WASHINGTON, USA:  “The Tooth Fairy Meets El Ratón Pérez”

WASHINGTON, USA: “The Tooth Fairy Meets El Ratón Pérez”

I arrived at the doorway of my daughter’s pre-school classroom to pick her up.  We made eye contact and I could see that she was very excited.  I knelt down to her level as she ran over to me and happily announced, “Mommy!  I met the tooth fairy today!”  “You met the tooth fairy?” I incredulously replied.  “Yes!  She wears glasses and wings, and a blue dress,” my daughter replied.  One of her teachers walked over smiling having overheard our conversation.  She explained that the Tooth Fairy, from the Center for Pediatric Dentistry, had in fact come to visit the children and talked to them about the importance of taking care of their teeth by brushing every day and not eating too many sugary sweets.

That was the first time my daughter had ever heard of the tooth fairy, but she quickly took to the idea and I could tell that she was already eagerly looking forward to the day she would lose her first tooth.

For readers who may not be familiar with the tooth fairy, you may ask…why?  Well, a couple of the older children in her class had already lost a tooth.  They informed her that after a tooth comes out, if she puts it under her pillow at bedtime, the tooth fairy will come while she is sleeping, take the tooth, and leave her some money in return.

Sometimes I feel guilty about perpetuating things like Santa Claus and leprechauns, but when I see how much fun it is (both for me and my girls), I quickly change my mind.  I have to admit though, on this particular day, I wasn’t ready to start thinking about another character.  I mean, the girl didn’t even have any wiggly teeth yet!

To add to this, since I was raised with Hispanic culture, my tooth fairy was a little different.  In my home, when you lost a tooth, you still put it under your pillow at bed time, and when you woke up, it was gone and money was under your pillow in its place.  But the money did not come from the tooth fairy.  It came from Ratón Pérez.  Yes, that’s right, a mouse.  I told my daughter about Ratón Pérez, but she did not believe me.  She said, “A mouse?  Really mommy?  Why would a mouse want your tooth?”  (I thought to myself…why would a fairy want your tooth?  I don’t know!)  I said, “Yes, really.  You should talk to Abuelita, she’ll tell you about Ratón Pérez.”  She did ask my mom the next time she talked to her, and my mom confirmed, that yes, he comes to take your tooth. (more…)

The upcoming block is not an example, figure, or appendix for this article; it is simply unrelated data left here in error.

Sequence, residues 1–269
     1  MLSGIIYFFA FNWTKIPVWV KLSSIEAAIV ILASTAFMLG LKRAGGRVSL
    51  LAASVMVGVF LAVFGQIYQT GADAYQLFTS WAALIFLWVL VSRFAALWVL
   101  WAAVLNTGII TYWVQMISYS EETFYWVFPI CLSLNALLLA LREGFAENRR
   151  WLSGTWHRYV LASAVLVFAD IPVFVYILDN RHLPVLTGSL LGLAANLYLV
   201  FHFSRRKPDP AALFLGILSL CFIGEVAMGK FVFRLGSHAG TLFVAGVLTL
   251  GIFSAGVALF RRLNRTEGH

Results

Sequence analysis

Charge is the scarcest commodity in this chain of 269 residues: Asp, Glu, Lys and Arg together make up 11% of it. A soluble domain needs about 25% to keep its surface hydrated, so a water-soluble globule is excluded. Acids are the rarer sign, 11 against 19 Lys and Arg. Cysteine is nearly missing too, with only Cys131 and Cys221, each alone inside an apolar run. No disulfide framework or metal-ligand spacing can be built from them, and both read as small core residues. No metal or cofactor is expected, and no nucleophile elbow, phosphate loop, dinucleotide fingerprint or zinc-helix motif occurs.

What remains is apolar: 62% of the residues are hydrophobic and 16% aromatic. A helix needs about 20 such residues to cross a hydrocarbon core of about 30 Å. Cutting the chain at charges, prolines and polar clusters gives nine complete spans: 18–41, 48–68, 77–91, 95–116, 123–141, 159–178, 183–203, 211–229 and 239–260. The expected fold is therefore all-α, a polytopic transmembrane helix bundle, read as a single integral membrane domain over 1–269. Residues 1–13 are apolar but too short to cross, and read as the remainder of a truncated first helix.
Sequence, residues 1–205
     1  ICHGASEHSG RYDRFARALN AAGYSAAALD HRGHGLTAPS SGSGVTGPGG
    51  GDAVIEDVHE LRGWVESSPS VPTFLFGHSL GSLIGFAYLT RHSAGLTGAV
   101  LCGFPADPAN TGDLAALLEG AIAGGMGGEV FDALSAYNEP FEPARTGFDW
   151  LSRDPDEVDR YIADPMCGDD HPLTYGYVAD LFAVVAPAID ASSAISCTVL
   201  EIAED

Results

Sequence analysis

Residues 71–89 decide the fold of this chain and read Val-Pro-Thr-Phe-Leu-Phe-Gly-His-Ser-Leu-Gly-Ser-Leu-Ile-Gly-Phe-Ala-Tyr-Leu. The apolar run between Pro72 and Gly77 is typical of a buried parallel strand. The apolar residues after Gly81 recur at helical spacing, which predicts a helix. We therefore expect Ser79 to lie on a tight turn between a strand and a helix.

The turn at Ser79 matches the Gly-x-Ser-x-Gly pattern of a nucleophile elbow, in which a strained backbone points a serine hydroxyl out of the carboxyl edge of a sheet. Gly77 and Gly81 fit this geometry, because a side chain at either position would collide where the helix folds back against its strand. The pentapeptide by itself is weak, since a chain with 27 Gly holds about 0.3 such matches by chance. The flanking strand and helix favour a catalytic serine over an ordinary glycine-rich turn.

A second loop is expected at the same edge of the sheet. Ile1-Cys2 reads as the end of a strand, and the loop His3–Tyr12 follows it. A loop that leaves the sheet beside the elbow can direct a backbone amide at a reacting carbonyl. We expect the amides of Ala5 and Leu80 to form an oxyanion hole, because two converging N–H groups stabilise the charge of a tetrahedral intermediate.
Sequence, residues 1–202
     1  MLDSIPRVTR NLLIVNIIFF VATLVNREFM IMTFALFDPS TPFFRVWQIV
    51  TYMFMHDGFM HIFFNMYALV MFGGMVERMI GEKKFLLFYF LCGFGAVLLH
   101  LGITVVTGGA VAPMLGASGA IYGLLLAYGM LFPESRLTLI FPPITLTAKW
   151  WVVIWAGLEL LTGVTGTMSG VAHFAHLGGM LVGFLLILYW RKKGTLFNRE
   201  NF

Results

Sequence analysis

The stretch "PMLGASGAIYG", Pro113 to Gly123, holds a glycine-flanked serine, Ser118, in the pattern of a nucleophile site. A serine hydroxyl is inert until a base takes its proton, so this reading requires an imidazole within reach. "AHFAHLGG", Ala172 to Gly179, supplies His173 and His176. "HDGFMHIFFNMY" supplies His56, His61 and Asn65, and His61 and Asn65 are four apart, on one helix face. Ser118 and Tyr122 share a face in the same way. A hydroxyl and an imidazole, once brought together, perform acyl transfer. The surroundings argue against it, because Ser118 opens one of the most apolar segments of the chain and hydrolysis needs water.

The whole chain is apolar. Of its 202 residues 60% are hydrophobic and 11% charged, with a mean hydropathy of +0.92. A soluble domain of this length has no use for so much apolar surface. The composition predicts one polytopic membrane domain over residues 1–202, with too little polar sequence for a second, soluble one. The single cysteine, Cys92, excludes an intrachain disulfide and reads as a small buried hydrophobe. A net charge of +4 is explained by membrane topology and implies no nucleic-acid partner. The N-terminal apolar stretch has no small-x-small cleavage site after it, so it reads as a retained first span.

Eva Fannon (USA)

Eva Fannon is a working mom who lives in the beautiful Pacific Northwest with her hubby and two girls. She was born and raised on the east coast and followed her husband out west when he got a job offer that he couldn't refuse. Eva has always been a planner, so it took her a while to accept that no matter how much you plan and prepare, being a mom means a new and different state of "normal". Despite the craziness on most weekday mornings (getting a family of four out the door in time for work and school is no easy task!), she wouldn't trade being a mother for anything in the world. She and her husband are working on introducing the girls to the things they love - travel, the great outdoors, and enjoying time with family and friends. Eva can be found on Twitter @evafannon.

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